You can't make this stuff up: after selling its copper hybrid fibre-coax (HFC) networks to nbn, Telstra has won contracts to maintain those networks and to re-design the latter to carry the DOCSIS 3.1 data transmission standard.
nbn is the entity charged with building and operating Australia's national broadband network. Telstra, the nation's dominant telco, sold its HFC networks to nbn as part of an AU$1bn deal that also saw it hand over its last-mile copper networks.
Telstra's now announced it has won a three-year contract “fixing faults on the copper network and undertaking a small number of new connections for services that are yet to transfer to the NBN” worth AU$80m in the first year. A second, four-year, contract covers “fixing faults and connecting new services on the NBN for the Fibre to the Node (FTTN), Fibre to the Premises (FTTP), Fibre to the Basement (FTTB) and HFC technologies in select areas once a customer has migrated to the NBN.”
The big telco has also signed a Memorandum of Understanding (MoU) with nbn “covering the design, engineering, procurement and construction management of the NBN network in the HFC footprint covered by the existing Telstra HFC network.”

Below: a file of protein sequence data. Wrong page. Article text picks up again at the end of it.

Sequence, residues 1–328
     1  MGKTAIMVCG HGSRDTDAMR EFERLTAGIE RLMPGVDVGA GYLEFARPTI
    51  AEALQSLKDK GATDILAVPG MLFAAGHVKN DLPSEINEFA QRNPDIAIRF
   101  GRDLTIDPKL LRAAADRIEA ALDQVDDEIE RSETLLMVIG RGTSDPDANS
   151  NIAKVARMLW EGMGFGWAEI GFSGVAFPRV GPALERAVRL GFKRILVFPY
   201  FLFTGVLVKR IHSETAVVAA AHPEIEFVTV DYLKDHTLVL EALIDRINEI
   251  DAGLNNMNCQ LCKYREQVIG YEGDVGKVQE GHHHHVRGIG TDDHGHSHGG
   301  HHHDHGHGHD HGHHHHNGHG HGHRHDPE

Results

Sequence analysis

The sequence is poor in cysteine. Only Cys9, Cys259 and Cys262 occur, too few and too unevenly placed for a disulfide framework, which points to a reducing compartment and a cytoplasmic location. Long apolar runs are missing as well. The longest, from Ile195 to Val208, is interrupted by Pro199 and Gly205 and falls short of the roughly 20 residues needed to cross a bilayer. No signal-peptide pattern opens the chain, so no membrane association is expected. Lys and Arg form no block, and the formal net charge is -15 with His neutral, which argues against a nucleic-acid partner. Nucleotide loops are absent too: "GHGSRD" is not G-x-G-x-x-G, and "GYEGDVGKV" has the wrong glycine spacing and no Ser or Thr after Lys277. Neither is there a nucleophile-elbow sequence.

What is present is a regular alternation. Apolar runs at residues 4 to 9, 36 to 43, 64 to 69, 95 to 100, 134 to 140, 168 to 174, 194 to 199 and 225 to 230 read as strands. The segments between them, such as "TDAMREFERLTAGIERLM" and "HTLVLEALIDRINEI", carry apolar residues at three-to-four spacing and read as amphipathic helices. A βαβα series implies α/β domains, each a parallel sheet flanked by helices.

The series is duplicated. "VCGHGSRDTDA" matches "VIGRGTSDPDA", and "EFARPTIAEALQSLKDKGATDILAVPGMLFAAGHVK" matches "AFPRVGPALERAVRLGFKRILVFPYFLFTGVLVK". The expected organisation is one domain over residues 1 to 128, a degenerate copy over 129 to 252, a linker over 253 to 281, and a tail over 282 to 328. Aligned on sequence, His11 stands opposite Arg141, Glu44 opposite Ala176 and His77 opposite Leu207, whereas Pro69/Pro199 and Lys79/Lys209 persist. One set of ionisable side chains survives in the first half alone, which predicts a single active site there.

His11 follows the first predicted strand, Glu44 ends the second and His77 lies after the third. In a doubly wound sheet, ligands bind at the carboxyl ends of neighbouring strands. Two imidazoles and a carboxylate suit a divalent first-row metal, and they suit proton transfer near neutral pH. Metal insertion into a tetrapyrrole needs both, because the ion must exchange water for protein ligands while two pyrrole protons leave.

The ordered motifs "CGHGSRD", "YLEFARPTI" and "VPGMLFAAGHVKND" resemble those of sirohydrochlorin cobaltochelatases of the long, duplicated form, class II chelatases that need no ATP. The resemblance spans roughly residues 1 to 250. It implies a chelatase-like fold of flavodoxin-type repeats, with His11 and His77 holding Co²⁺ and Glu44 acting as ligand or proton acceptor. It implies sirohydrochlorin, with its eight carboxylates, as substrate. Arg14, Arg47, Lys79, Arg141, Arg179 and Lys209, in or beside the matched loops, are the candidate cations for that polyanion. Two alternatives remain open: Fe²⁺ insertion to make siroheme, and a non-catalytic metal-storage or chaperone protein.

Optus is in discussions about a similar contract for its HFC networks.
It's no surprise that Telstra and Optus have scored this work: as incumbents, both possess field capacity that would otherwise have to be rebuilt from scratch. Both also have an obvious head start in terms of network knowledge. nbn has to hire someone to do this stuff, but it will stick in many craws that Australia's dominant teclos wins on two fronts by selling their network and then being paid for maintenance services. Service Stream Limited and BSA Limited have also won maintenance deals. These are, again, sensible deals as both have boots on the ground and experience with such work as contractors to the telcos.
nbn says the new deals are ”a shared management approach” that will assist its efforts to deliver the NBN on time and on budget. ®